I hope you are all keeping safe and well? This second lockdown doesn’t seem to have quite the feel of the first, nevertheless, it is a lockdown and we should not be lulled into a false sense of security – please be careful.
The National Church has asked us to pray daily for the Nation,and for the Church and they suggested a time of 6.00 pm each day. I have taken the liberty of changing the time to 12 noon. You can find me on the St Nicholas Facebook page each weekday at 12 noon and of course each short prayer service remains on our Facebook page so you can view it at your leisure if you wish. It’s interesting and perhaps not at all surprising that the number of people who are interested in prayer seems to be increasing. Judging by the numbers of people who visit church each day, we seem to be averaging about 35-40 visits each day. There is a real hunger for a contemplative space which people can use and I’m glad we can provide such a sacred space. Prayer, as I’m constantly saying, is at the very heart of our relationship with God, it is the driver and sustainer of that relationship with him who created us, sustains us and loves us. There may be many good things which emerge out of this tragedy, perhaps we have discovered a renewed sense of community, of fellowship with our neighbours, perhaps we have been reminded just how precious and precarious our lives are and so behave appropriately. Perhaps we have also discovered our need for prayer and contemplation. Life, I find, always seems to run more smoothly after we have stopped, considered, and then moved on.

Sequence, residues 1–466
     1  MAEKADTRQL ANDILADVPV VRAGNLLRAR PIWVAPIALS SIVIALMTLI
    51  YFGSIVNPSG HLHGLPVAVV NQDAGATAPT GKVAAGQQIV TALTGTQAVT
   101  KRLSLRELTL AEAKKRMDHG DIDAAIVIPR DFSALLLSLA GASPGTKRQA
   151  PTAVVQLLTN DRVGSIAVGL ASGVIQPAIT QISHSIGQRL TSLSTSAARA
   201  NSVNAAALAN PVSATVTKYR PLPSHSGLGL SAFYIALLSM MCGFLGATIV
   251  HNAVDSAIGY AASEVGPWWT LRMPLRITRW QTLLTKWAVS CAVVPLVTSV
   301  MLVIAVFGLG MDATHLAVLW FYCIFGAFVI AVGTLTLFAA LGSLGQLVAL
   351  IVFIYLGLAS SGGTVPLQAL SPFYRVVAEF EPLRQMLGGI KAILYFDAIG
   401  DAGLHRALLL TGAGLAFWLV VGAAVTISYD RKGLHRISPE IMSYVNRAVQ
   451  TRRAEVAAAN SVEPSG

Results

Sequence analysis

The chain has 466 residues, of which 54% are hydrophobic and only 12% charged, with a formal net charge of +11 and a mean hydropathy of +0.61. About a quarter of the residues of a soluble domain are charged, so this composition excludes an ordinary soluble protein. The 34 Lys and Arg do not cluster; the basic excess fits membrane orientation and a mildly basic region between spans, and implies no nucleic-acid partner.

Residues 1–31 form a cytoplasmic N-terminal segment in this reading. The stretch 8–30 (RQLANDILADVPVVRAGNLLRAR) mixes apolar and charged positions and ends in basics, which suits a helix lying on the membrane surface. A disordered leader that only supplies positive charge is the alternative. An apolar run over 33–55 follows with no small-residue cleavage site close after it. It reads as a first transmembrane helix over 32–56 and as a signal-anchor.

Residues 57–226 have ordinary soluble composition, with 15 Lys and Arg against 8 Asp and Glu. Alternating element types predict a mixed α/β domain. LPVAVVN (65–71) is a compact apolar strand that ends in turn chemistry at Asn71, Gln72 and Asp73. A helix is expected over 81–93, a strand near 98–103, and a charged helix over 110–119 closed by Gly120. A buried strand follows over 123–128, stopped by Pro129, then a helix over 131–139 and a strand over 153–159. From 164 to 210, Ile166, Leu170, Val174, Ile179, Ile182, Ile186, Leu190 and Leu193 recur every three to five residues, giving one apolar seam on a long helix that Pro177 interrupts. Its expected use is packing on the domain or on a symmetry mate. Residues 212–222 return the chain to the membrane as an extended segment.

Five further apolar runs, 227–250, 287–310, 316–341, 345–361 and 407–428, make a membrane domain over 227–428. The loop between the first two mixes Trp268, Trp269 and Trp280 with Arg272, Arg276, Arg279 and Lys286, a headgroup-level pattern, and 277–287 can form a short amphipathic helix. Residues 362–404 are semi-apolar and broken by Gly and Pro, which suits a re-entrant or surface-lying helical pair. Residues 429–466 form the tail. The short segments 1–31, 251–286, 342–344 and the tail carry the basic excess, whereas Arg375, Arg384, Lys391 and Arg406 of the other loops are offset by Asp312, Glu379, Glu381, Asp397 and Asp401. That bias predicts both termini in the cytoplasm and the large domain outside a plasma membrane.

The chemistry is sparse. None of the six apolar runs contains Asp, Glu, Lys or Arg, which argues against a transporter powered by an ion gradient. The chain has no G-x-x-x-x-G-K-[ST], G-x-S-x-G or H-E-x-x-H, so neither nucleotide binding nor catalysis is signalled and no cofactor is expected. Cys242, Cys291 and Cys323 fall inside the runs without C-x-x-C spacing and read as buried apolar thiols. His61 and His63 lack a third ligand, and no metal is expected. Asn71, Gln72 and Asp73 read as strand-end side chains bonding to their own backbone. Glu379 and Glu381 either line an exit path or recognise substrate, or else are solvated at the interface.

Do remember that we are also online each Sunday at 9.30am and each Thursday at 9.30am.
Stay safe and God Bless
Several of you have told me how much you appreciated the Act of Remembrance at St Nick’s on Sunday morning. I also watched on TV the very moving service from Westminster Abbey on Armistice Day itself as they marked the centenary of the Unknown Warrior’s burial.
The priest/poet Malcolm Guite wrote a sonnet on Remembrance Day in his book ‘Sounding the Sonnets’, reproduced with his permission below:
Here is how it came to be written. On Remembrance Day I was at home listening to the radio and when the time came for the Two Minutes Silence. Suddenly the radio itself went quiet. I had not moved to turn the dial or adjust the volume. There was something extraordinarily powerful about that deep silence from a ‘live’ radio, a sense that, alone in my kitchen, I was sharing the silence with millions. I stood for the two minutes, and then, suddenly, swiftly, almost involuntarily, wrote this sonnet.
November pierces with its bleak remembrance
Of all the bitterness and waste of war.
Our silence tries but fails to make a semblance
Of that lost peace they thought worth fighting for.
Our silence seethes instead with wraiths and whispers,
And all the restless rumour of new wars,
The shells are falling all around our vespers,
No moment is unscarred, there is no pause,
In every instant bloodied innocence
Falls to the weary earth ,and whilst we stand
Quiescence ends again in acquiescence,
And Abel’s blood still cries in every land
One silence only might redeem that blood
Only the silence of a dying God.
With every blessing